Sophomore College in Idaho 2012: Student Reports

People, Land, and Water in the Heart of the West

Salmon River. Sun Valley. Pioneer Mountains. The names speak of powerful forces and ideas in the American West. Central and Southern Idaho — a landscape embracing snow-capped mountains, raging rivers, sagebrush deserts, farms, ranches, and resort communities — was our classroom for this field-based seminar led by David Freyberg, professor of civil and environmental engineering, and David Kennedy, professor emeritus of history.

In September 2012, a dozen Stanford undergraduates participated in the Sophomore College Course “People, Land, and Water in the Heart of the West.” Sponsored by the Bill Lane Center for the American West, the College offered students the opportunity to learn about the history and future of a broad range of natural resource management issues in the western United States. During the first week on campus, students engaged in a morning lecture series on the physical properties, political economy, legal frameworks, and ethics of resource management (taught by Freyberg, Kennedy, and Stanford colleagues David Brady (political science), Buzz Thompson (Law School), and Debra Satz (philosophy). They met for afternoon lab sessions to learn the ArcGIS geographic information system and begin collecting data for their final presentations.

Click to enlarge image

Equipped with a foundational knowledge of resource management, students and faculty headed to Idaho for the two-week field portion of the course. They visited resource management sites near Boise and Twin Falls on the Snake River Plain, Craters of the Moon National Monument, the Upper Salmon River in Custer County, and Stanley in the Sawtooth National Forest. The breadth of their interactions spanned fourth-generation ranchers and farmers; officers of the National Park Service, Bureau of Land Management, and Forest Service; entrepreneurs; conservationists; foresters; biologists; and recreationalists. From these discussions, students explored the complexities of public-private partnerships and examined the role of science in conservation and natural resource management.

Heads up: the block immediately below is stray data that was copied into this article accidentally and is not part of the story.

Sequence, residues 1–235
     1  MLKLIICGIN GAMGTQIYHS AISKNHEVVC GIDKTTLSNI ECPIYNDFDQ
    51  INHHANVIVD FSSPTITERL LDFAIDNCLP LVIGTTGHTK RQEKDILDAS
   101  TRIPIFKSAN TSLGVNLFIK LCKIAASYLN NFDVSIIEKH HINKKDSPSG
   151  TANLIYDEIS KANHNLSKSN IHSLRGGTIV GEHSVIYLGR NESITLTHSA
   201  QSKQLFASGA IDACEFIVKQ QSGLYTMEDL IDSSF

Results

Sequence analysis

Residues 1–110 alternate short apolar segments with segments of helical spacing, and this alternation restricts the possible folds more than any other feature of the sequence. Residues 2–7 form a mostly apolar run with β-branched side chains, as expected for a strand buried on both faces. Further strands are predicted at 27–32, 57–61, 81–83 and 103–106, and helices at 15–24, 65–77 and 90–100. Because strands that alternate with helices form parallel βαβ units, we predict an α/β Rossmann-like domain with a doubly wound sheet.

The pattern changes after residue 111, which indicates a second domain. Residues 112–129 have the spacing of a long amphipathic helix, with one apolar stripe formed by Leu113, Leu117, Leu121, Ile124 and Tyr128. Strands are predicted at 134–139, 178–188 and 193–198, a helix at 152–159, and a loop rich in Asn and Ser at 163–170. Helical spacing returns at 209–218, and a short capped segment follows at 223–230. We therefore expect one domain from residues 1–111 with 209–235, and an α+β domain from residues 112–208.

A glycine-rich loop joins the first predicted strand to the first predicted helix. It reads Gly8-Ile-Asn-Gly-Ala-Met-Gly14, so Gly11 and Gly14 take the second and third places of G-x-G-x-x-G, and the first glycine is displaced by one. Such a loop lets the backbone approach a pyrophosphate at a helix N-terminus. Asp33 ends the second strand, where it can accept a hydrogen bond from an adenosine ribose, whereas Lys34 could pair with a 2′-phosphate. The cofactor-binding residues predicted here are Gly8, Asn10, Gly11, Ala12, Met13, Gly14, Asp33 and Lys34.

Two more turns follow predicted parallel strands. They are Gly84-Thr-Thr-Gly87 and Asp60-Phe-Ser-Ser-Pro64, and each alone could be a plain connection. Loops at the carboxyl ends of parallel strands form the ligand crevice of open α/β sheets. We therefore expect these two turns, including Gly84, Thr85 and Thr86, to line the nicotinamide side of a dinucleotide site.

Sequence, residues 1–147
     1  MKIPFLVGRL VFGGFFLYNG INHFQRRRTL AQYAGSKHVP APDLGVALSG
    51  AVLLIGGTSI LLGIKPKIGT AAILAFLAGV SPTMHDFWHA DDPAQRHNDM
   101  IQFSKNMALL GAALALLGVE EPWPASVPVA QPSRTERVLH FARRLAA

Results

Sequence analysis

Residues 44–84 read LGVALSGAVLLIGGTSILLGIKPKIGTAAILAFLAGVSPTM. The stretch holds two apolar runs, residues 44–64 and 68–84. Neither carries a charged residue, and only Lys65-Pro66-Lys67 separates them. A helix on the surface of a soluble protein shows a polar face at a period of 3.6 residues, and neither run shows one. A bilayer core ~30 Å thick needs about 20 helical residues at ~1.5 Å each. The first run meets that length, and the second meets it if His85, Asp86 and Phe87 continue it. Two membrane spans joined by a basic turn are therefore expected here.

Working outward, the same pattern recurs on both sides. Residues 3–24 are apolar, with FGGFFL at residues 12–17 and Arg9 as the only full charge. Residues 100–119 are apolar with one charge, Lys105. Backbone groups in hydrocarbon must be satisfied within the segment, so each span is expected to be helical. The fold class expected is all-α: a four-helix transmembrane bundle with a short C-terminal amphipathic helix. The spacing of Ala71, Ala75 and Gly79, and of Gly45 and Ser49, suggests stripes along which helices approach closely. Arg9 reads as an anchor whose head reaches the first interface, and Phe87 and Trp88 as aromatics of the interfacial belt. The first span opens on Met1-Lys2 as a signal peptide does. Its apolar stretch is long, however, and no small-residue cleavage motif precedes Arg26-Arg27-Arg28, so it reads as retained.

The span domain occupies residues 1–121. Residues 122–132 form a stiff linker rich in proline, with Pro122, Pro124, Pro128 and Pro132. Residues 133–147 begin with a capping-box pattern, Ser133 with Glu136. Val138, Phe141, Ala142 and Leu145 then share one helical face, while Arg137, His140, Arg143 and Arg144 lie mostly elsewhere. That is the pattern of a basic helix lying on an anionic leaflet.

These experiences culminated in team presentations on three major topics: water management of the Eastern Snake Plain Aquifer, policies surrounding the Lower Granite Dam, and the history and future of Multiple Use policy. The students' projects highlight tensions and overlapping interests of land users in the American West. In addition to presenting their work through live presentations, students prepared written reports to share their findings with the larger community. The reports highlight their experiences and reflections from this intellectual journey exploring natural resource management in the American West. 

Image credit: David Freyberg. Itinerary in Idaho: Mining & Geology Museum and Interagency Fire Center (Boise), the BLM and US Forest Service (Twin Falls), Hagerman Fish Culture Experiment Station & Hatchery (Hagerman), Milner Dam and Bpl. Farm (Hazelton), Silver Creek Preserve, Lava Lake Ranch and Craters of the Moon (Pioneer Mountains), Big Creek Ranch (Pahsimeroi Valley), Crooked Creek Ranch (Stanley), the Sawtooth National Recreation Area, and Ketchum. 


To view the students' projects, please use the links below:

Teaching Assistants 
Julia Barrero
Dane Klinger
Ryan McGinley-Stempel

Course Coordinator
Madeline Weeks

The Multiple Use Land Management Policy in Idaho’s Sawtooth National Forest: Evolution, Efficacy, and Evaluation for the Future

Since 1976, the prevailing doctrine for managing public lands has been the Multiple Use policy, defined as “…The management of the public lands and their various resource values so that they are utilized in the combination that will best meet the present and future needs of the American people....” (Federal Land Policy and Management Act of 1976). Working in the scope of this project, we examine the present and future land use concerns of land users in the American West.

A Study of the Lower Granite Dam and its Effects on Idaho

The removal of the four Lower Snake River dams is a highly contested topic. The Lower Granite Dam in particular raises a number of issues, from the flooding of Lewiston, Idaho, to fish migration.

The Eastern Snake Plain Aquifer: Water Management Conflicts and Strategies

Water is at once our most precious and most mismanaged resource. Improving efficiency in how we consume our water is thus a hallmark of any effective management strategy. In the process of conducting our research along the Snake Plain, however, we found that even efficient practices are subject to conflict, controversy, and their fair share of management issues. The depletion of the Eastern Snake Plain Aquifer (ESPA) in southern Idaho presents just such a conundrum.